Of all the players who have performed in the league since the opening kickoff of MLS on April 6, 1996, no one is more suited to talk about the MLS Cup trophy than New York Red Bulls technical director Jeff Agoos. During his playing days Agoos became the resident expert regarding holding and carrying championship trophies high over his head. He is the only player in league history to be a part of the winning side on five occasions. That's three times for D.C. United (1996, 1997 and 1999) and twice more for the San Jose Earthquakes (2001 and 2003).

"Having the cup so close and the door so near, I want to take it, but that's the easy way out," he said during the ceremonies.

But then he got serious.

"It's a gorgeous trophy," Agoos said. "This symbolizes hard work, dedication and excellence."

Agoos and Tiffany & Co. vice president Thomas O'Rourke had the honor of taking the wraps off the newest piece of MLS hardware. The trophy will get its first official use at MLS Cup 2008 at The Home Depot Center in Carson, Calif., when Garber hands the silverware to a fortunate captain of one of eight playoff teams.

As to who clutches and caresses the silver, it remains to be seen. It could be any team from the elite eight. Start with the conference titlists, the Columbus Crew, the Supporters' Shield winners and two-time defending MLS Cup champions Houston Dynamo. Perhaps one of the hardened Eastern Conference rivals, four-time cup finalist New England Revolution, or the Chicago Fire, who have been trying to duplicate the success of its 1998 expansion season for a decade. Maybe, just maybe, one-time expansion teams Chivas USA and Real Salt Lake will get an opportunity to take the final victory lap. Or perhaps one of the wildcard playoff teams -- the Kansas City Wizards and or the Red Bulls -- will pull off a miracle and dance around with the precious silverware.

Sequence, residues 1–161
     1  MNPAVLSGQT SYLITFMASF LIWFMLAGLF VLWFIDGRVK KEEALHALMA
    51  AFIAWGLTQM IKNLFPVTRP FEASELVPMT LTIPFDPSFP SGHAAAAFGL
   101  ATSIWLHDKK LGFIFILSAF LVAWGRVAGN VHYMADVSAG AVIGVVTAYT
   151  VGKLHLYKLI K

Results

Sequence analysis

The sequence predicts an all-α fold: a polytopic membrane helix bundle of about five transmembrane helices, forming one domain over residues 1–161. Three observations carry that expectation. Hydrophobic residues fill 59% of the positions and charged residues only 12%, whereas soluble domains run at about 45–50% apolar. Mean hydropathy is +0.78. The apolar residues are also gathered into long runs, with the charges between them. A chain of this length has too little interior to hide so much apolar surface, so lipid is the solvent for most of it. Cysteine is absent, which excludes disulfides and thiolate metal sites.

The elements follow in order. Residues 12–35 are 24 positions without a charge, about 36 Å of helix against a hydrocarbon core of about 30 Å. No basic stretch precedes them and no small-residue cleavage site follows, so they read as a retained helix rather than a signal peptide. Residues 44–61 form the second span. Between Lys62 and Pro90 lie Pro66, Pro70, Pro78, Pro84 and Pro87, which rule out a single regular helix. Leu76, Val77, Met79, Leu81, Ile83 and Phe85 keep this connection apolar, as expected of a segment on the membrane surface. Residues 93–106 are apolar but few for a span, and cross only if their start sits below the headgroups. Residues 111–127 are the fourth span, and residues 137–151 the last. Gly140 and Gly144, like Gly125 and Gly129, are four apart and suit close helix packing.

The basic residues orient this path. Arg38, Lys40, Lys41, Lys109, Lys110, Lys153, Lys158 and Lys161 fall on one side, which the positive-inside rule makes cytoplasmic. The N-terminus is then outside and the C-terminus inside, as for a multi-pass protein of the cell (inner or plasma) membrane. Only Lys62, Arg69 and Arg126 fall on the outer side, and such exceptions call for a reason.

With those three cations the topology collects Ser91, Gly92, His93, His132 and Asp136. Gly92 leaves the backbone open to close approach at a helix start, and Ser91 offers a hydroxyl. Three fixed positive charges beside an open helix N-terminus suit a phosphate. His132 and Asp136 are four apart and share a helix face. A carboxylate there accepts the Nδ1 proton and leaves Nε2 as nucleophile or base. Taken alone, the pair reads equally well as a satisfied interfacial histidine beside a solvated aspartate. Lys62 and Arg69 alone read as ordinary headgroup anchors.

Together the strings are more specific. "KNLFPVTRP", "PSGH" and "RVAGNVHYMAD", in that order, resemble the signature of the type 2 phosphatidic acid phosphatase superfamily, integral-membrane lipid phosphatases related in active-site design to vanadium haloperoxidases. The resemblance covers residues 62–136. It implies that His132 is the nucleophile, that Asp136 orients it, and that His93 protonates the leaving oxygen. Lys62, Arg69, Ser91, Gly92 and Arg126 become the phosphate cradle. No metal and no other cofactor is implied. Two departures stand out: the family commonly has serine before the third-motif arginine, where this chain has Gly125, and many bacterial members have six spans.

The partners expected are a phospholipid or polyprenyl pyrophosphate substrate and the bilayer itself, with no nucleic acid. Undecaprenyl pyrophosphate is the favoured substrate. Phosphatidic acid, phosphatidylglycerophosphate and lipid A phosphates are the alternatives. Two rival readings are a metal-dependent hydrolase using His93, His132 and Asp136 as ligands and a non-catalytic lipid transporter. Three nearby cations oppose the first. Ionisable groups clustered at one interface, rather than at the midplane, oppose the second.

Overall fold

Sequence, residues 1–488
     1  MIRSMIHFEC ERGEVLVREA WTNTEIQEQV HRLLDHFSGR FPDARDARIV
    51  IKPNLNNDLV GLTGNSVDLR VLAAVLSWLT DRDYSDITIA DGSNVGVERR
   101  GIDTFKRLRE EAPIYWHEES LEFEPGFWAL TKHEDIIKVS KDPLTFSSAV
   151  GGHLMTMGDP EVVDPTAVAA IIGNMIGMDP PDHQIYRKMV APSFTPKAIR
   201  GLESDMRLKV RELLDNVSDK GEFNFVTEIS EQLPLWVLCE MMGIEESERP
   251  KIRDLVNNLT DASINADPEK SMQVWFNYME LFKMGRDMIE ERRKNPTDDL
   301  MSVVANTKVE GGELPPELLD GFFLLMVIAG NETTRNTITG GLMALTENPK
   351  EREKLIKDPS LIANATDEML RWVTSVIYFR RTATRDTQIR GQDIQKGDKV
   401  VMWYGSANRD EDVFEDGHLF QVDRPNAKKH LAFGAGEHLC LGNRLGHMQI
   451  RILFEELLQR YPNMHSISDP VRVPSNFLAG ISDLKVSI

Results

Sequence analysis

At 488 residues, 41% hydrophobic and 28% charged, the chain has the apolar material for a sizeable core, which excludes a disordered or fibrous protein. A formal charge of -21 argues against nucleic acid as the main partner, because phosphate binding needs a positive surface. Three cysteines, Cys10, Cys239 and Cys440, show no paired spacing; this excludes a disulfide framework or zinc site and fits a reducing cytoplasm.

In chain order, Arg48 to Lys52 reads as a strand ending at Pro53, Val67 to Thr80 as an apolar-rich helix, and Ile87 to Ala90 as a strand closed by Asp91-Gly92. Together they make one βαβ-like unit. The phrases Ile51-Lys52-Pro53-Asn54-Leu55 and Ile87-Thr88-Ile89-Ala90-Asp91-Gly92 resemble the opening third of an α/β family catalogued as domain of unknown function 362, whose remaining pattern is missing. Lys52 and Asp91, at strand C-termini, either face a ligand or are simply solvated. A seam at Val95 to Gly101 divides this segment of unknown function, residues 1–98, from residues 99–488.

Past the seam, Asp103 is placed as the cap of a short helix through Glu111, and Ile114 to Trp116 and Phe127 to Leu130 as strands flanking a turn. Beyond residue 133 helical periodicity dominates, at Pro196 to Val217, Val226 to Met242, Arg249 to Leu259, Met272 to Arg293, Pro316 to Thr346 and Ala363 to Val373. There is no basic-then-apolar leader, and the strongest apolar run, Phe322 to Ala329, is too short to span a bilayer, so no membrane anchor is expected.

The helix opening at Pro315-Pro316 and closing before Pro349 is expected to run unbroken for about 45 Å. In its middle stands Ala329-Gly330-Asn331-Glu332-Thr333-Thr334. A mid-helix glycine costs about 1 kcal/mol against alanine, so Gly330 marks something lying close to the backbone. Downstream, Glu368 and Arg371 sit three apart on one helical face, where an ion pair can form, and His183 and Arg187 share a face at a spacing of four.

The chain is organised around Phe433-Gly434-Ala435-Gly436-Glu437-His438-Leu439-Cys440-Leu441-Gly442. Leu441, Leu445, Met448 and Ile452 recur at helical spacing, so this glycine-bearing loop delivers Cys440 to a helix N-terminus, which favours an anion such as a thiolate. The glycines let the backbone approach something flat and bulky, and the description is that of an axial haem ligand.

The first two MLS championship trophies, which have been paraded around football and soccer stadiums since the very first MLS title match at a wet, windy and cold Foxboro Stadium on Oct. 20, 1996, were named after Rothenberg, one of the founding fathers of the league. Rothenberg, the former U.S. Soccer president, organized and directed the USA's successful World Cup in 1994.